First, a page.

Project management: Questions you should ask before you start restoring a car

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Restoring a car is a big task. There are some questions you should ask yourself before you even began to plan it all out. | Jake Mayne photo
Restoring a car is a big task. There are some questions you should ask yourself before you even begin to plan it all out. | Jake Mayne photo

(Editor’s note: Jake Mayne is a professional and certified project manager who also has restored more than a dozen collector vehicles. This is the first in a four-part series — to be published each Friday in March — in which he shares how to apply project managing techniques to save time and money when restoring a car.)

I use many best practices when restoring cars as a hobby. When there is not an unlimited budget, and when there is not an open-ended time frame, astute project management techniques will add immeasurable value to an automotive restoration project.

I also try to guide other hobbyists who may be lost in a project get back on track, or help those who want to explore doing a project.

Restoring or even fixing up a car takes money and time. In the project management world, these two things are referred to as cost and schedule.

If you are outsourcing any of the work you have introduced vendor management into your project, and that’s another passion of mine. Managing your own expectations as well as the expectations of a vendor or subcontractor in the areas of cost, schedule and quality are paramount in a build.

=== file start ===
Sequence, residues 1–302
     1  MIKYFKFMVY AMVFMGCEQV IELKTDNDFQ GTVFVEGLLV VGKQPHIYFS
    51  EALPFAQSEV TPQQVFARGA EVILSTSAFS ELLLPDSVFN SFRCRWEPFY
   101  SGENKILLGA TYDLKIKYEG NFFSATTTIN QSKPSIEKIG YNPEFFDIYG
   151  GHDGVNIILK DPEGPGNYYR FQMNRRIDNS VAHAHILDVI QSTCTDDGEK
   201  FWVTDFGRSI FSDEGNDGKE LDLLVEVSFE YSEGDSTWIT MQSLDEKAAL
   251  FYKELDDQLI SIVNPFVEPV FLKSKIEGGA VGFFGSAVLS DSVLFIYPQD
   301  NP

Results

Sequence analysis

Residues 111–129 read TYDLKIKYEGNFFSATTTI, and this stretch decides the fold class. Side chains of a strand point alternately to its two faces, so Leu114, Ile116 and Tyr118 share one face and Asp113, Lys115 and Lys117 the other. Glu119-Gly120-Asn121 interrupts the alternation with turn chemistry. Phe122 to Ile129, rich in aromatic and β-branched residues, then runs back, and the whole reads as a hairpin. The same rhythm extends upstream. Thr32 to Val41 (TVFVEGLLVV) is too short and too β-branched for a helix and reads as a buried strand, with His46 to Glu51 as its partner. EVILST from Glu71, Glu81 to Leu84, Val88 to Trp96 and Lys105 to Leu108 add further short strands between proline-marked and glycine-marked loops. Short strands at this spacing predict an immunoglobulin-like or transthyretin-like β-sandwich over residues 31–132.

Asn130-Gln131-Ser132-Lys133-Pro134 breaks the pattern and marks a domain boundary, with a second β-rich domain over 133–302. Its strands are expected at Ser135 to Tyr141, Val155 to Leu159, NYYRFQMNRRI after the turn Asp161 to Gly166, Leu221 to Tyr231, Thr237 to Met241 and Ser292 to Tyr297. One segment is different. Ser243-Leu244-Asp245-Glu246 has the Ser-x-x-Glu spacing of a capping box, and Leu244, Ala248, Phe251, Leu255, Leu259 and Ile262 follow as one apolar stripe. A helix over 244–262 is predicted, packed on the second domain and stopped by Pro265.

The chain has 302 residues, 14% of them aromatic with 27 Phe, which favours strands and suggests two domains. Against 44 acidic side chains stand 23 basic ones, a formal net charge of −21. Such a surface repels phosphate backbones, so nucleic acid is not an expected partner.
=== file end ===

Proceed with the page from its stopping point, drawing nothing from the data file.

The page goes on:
Below I outline many of the techniques I have used on the restoration projects featured on my hobby website.

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First, we need to establish your end game. Take a shot at answering these questions during the next week:

Are you restoring your car as an enthusiast and hobbyist? If yes, proceed to next question. If no, I doubt there is anything of value for you here.

Are you interested in restoring or building a car or truck, and maintaining a planned schedule to establish a budget and then remain in that budget? Achieve the quality you desire? Adhere to a pre-planned time schedule?

Next, in Part 2: Planning your build


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Jake Mayne grew up a Midwestern farm kid and has been a lifelong car guy. To date he has no fear of bathing in 80/90 weight gear oil, and never misses his tetanus shot. Claim to fame is winning several face-to-face turf battles with snakes, families of mice, and swarms of bees while evicting them from their homes in old cars. He has over 15 personal collector car hobby restorations, and countless barn finds. By profession he is a project manager in the acquisition arena for the military defense and the banking industries. Jake is active in the car show scene in the Twin Cities and is a member of several car clubs.

3 COMMENTS

  1. I rebuilt a Lotus Europa JPS to a level, and I was very much an enthusiast. I was not interested in making a concourse or show car. I wanted a car that ran well and looked pretty good, and that’s what I achieved. I’m guessing many thousands of classic car owners want basically the same.

  2. ai am currently restoring a n etype S2 RHD roadster Jaguar. Total bear metal restoration.
    Not a cheap project, however it is something I have always wanted, so be it.
    However I am or will be seeking another etype roadster, but an earlier model. So I will be seeking to find a good project either a right hand drive or left hand drive, USA car.
    My question is how do one living in Australia find a good car with potential of being restored?
    Could you help, please. Thank you.

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